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Tracking the motion of single nanoparticles inside living cells: New insights into intracellular crowdedness

Project Description

EPSRC funded DTP PhD Studentship within the Interdisciplinary Doctoral Training Hub “Physics of Life”

The Hub is designed as a cross-disciplinary PhD research and training programme at the physics/life science interface. Students will benefit from joint supervision across the Colleges of Physical Sciences and Life Sciences at Cardiff University. Each project commences with two 3-months stages in the labs of the joint supervisors. The Hub will offer cohort development opportunities through joint research meetings, a “Physics of Life” summer school in 2022, and a student-led workshop in 2023. Students will be part of a vibrant, interactive community, sharing monthly newsletters and connected via a dedicated portal. Each student will be supported by a mentor. The Physics of Life Doctoral Training Hub aims to equip PhD candidates with multidisciplinary research skills that are highly sought after in academic and industry.

How biomolecules move inside living cells, in space and time, is not only a fundamental research question but is key to the understanding of many biological processes. With the development of advanced single-particle tracking techniques, it has become apparent that biomolecules inside cells exhibit complicated types of motion, which cannot be simply described as random from thermal diffusion or directed motion via molecular motors. This is because the cell contains a cytoplasm crowded with large biomolecules and organelles, and a heterogeneous network of cytoskeletal protein filaments.

Key to the in depth understanding of biomolecular motion inside living cells is the development of new techniques capable to track single particles in 3D with high localisation precision and speed, alongside mathematical models that can describe the experiments according to physics’ law, and eventually reveal new insights into the highly complex living cell’s interior.

In this project, you will apply an advanced laser micro-spectroscopy technique called resonant Four-Wave Mixing, pioneered by the supervisory team, to image and track single small gold nanoparticles background free inside cells with precision at the nanoscale in 3D. Nanoparticles will be micro-injected into eggs (oocytes). These are large cells actively studied by the supervisory team (from mammals and invertebrates). They have ATP levels and metabolic rates closely linked to their ability to mature, be fertilised, and further develop into good quality embryos. Notably, movement of particles can be influenced by molecular motors that are ATP-driven. Hence, studies of intracellular motion in these cells will be a platform for new technologies to monitor embryo metabolism and predict viability.

Experimental single particle trajectories will be measured in eggs under different metabolic conditions, and will be compared with mathematical models of diffusion, reflecting expertise in mathematical and computational methods by the supervisory team. Measured time trajectories will reveal combinations of random, directed, transiently stalled and constrained motions related to crowded environments. The aim will be to develop a causal link between the nanostructure of the environment and particle motion. This in turn will stimulate hypothesis to be verified experimentally, and will provide an unprecedented insight on the cell’s interior.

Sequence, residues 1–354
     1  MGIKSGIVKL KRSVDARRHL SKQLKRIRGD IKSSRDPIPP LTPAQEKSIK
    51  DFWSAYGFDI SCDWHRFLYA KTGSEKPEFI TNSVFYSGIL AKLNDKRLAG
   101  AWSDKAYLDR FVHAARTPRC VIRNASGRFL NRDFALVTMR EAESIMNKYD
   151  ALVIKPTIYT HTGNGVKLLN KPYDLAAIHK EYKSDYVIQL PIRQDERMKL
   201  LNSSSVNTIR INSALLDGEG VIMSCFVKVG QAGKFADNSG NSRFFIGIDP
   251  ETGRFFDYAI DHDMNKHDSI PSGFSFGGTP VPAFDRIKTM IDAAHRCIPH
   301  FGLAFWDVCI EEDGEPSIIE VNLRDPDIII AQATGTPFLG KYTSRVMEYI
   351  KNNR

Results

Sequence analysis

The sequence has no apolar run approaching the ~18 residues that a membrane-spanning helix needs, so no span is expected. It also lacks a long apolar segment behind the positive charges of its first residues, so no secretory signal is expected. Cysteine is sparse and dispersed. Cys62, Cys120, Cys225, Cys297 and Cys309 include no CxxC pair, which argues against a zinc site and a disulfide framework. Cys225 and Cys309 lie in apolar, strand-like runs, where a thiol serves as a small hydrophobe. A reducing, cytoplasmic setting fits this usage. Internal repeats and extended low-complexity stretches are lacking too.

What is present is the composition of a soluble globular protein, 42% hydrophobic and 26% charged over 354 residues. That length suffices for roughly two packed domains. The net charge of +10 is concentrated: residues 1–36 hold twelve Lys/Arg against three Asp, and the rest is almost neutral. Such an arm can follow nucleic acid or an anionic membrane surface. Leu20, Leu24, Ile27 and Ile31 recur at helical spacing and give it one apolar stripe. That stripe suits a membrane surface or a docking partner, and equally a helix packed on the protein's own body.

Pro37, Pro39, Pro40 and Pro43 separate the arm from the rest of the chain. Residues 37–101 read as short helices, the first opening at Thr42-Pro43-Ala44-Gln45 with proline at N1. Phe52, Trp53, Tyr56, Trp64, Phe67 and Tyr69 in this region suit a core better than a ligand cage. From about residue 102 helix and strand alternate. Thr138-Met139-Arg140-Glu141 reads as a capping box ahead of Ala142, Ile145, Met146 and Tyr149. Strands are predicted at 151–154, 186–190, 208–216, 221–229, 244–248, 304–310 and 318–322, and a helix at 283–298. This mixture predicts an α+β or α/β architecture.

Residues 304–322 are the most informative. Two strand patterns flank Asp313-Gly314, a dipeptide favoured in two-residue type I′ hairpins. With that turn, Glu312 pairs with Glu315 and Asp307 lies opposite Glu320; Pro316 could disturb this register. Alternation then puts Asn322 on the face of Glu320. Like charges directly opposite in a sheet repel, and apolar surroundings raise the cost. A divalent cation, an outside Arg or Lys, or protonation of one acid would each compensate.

Research Environment:
The student will be exposed to a vibrant multi-disciplinary environment at the physics/life science interface. They will join a well-funded academic team, with a successful history of supervising many students over the past 15 years, and an outstanding publication track record.
The project will start with two rotation mini-projects in the different co-supervisor labs. The student will be trained on a unique combination of skills, from operating optical microscopy instrumentation beyond state-of-the-art, to mathematical modelling and biological sample preparation techniques. Such a unique skillset will significantly boost future employability both in academia and in industry.

Training and Development Opportunities:
The supervisory team has strong links with companies, including microscope manufactures and image analysis software developers. Within this studentship, opportunities for visits/internships at these companies will arise. Global mobility opportunities will include visiting collaborating partner groups overseas, and participation to national/international conferences. The project will generate new knowledge and data that will be published in high quality journals.

Funding Notes

This is a fully-funded studentship which includes fees, stipend and a research and training support grant, for 3.5 years at UKRI rate, for home/EU students.

Self-funded international students are also welcomed to apply.


[1] doi: 10.1088/0034-4885/78/12/124601
[2] doi: 10.1016/j.tcb.2009.04.004
[3] doi: 10.1039/c9nr08512b
[4] doi: 10.1242/jcs.228999
[5] doi: 10.1002/stem.1088

How good is research at Cardiff University in Biological Sciences?

FTE Category A staff submitted: 54.70

Research output data provided by the Research Excellence Framework (REF)

Click here to see the results for all UK universities

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